Like ESD, Greenhill used to be thought of as the place for kiddos who couldn’t cut it at the other traditional schools-Cistercian, Hockaday, St. Mark’s. However, the growing pool of private school-hungry students has elevated the standards. Many parents with children at various private schools say Greenhill has even risen a cut or two above the older schools that have been sitting on their well-endowed laurels. Along with sending numerous grads off to Stanford and the Ivies, the school has produced three Presidential Scholars.

Still, Greenhill likes individuality in its students-the child who blows you away in the school play, the budding poet who wears black all the time to signify life’s suffering. These same kids might also be captain of the football team-about three-quarters of the upper school students play at least one sport. A recent $7.2 million capital campaign brought an updated science building, a renovated fine arts building, and a new administration building to house those who run the show, including Greenhill’s third headmaster, Peter Briggs.

Briggs has an Eastern prep-school appeal, perhaps because he came to Dallas in 1992 from Greenwich Country Day School in Connecticut. His mission, say parents, is to erase Dallas’ impression that Grcenhill is a school for bright but far-out, over-indulged children of the wealthy. After all, this school doles out $1.2 million in financial aid yearly and pledged diversity long before it was politically correct. But the school is inching a bit towards the center on the open-classroom concept. The brand new middle school has that open feeling, but the classrooms are closed. In a sense, Briggs is putting a navy-blue blazer on Greenhill and saying, “mainstream.”

ADMISSION: Getting tougher. Greenhill looks for students who are motivated to learn, do homework, participate in school activities, and question everything. In 1995,69 students applied for ninth grade-36 were invited to attend; 22 accepted. Greenhill uses CTP III and the ISEE tests.


THE PAYOFF: Harvard, Princeton, Stanford, University of Chicago, Cal Tech, and Georgetown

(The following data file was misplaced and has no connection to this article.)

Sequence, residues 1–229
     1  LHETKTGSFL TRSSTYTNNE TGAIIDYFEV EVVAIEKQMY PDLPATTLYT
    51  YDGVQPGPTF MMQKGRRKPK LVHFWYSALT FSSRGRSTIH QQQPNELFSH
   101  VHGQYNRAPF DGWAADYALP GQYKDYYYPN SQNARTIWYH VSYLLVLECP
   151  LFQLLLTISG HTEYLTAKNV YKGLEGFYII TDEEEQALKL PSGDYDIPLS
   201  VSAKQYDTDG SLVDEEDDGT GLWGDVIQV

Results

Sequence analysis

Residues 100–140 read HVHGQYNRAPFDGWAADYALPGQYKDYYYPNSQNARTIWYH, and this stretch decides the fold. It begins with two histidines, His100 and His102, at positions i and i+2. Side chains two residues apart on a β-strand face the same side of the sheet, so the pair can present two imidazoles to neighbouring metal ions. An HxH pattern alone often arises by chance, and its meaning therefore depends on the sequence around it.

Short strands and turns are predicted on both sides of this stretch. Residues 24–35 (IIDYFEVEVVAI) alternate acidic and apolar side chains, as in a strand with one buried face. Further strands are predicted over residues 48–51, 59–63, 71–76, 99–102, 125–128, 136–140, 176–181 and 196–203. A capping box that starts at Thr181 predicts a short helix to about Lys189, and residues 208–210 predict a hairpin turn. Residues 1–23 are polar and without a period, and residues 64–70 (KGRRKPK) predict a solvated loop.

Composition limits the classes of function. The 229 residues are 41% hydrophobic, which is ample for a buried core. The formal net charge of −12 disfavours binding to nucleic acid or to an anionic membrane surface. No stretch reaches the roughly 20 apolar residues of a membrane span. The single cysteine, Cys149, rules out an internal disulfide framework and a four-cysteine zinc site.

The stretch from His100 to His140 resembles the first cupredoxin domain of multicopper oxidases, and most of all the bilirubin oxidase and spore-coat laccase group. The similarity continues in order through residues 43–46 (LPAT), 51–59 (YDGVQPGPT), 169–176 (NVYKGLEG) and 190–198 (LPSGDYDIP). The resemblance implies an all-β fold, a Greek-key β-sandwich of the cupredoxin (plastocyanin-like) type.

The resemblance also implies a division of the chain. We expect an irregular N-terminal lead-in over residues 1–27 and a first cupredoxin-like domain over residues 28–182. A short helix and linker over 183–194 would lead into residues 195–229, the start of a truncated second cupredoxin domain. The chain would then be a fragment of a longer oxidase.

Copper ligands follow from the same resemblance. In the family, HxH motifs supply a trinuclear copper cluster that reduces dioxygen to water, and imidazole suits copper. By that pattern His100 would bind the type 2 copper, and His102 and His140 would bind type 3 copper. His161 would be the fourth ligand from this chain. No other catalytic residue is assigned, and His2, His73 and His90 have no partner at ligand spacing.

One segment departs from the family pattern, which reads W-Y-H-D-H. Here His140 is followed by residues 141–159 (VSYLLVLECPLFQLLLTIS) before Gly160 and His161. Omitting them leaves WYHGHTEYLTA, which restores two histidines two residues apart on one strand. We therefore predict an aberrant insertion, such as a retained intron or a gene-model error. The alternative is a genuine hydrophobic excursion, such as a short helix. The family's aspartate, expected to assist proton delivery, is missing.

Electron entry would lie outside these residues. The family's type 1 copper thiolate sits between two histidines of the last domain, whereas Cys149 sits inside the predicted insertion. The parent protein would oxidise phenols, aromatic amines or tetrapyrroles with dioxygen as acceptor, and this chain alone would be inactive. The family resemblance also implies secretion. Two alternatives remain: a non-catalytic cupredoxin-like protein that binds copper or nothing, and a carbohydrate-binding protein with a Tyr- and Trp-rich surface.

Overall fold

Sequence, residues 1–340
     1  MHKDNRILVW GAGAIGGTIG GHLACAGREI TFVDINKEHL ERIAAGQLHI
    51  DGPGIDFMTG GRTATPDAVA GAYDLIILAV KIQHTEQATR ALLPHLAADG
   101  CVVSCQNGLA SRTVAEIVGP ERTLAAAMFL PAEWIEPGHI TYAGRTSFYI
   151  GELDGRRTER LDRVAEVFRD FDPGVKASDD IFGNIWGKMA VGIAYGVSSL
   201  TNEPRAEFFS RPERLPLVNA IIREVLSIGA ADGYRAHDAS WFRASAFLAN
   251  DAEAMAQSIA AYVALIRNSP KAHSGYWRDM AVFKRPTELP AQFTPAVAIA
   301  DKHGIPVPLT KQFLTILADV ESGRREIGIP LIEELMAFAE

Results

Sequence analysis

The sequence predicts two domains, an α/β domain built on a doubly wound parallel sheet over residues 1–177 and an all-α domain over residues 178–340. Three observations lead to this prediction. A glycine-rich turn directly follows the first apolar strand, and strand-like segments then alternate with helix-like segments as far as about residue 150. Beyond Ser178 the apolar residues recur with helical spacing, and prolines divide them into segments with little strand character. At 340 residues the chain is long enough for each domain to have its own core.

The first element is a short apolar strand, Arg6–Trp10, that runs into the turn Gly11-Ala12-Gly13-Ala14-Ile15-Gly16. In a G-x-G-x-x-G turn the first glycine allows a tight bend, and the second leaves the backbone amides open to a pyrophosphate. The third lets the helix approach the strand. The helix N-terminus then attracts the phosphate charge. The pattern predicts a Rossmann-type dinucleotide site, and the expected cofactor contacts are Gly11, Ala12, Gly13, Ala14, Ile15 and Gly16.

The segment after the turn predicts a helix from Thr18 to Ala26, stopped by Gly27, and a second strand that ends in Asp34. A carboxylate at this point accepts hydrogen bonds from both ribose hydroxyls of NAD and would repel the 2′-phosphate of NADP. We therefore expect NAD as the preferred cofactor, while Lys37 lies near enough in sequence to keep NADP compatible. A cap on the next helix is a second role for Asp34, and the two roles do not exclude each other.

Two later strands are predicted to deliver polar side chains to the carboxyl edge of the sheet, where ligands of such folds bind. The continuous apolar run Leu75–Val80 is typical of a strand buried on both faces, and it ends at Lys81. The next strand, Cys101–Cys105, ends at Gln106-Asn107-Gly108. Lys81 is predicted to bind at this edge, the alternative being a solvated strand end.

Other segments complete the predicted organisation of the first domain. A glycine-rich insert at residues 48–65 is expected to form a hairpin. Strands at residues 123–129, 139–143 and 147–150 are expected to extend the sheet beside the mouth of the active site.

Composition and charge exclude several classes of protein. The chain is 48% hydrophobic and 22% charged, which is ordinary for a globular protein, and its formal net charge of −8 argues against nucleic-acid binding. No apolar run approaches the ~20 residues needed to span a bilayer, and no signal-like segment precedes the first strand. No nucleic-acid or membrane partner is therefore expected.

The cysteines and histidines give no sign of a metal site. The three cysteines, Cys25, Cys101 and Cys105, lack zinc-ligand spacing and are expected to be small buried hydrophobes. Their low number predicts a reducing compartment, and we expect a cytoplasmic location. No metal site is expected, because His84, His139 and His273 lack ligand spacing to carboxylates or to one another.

PARENTS SAY: Strong faculty departments across the board, an exceptional fine arts department and drama department, and the best high school literature department in the city, except they won’t teach Shakespeare’s Merchant of Venice, which is deemed too anti-Semitic. The school strives to make every child feel positive, but social pressures are strong here (one popular seventh-grader got 21 bar-mitzvah invitations in one year). So is materialism: The Land Rover is rapidly replacing the BMW as the favorite 16th birthday car; conservative parents give their kids an old Mercedes. Weak on school spirit. Kids need more homework to keep them off the phone and out of the malls. There’s a perception that anything goes at Greenhill in the name of creativity-green hair, triple-pierced ears, whatever. Some parents also think the “parent complaint pipeline” of demanding mothers went too far under former headmaster Phil Foote. Too often, they say, meetings turned into unproductive gripe sessions. 14255 Midway Rd., Dallas, 75244-3698, 661-1211.

By the Numbers: Comparing Dallas Prep Schools

You’re paying $12,000 a year for a private school: Are you getting your money’s worth? How experienced are the teachers and what’s the student-teacher ratio?

You can’t judge a school or what children learn by SAT scores alone-but most colleges have until recently. The SAT is controversial; some educators scream gender/race bias. Savvy students cram prep courses and take the SAT three times, using their highest score. So what’s a college to do? Some schools-Bowdoin, Middlebury, Union, and others-are leaving the SAT optional. When a school boasts of its high SAT scores, ask if they are reporting highest scores only. The future may see colleges relying more on class grades than on this grueling three-hour test.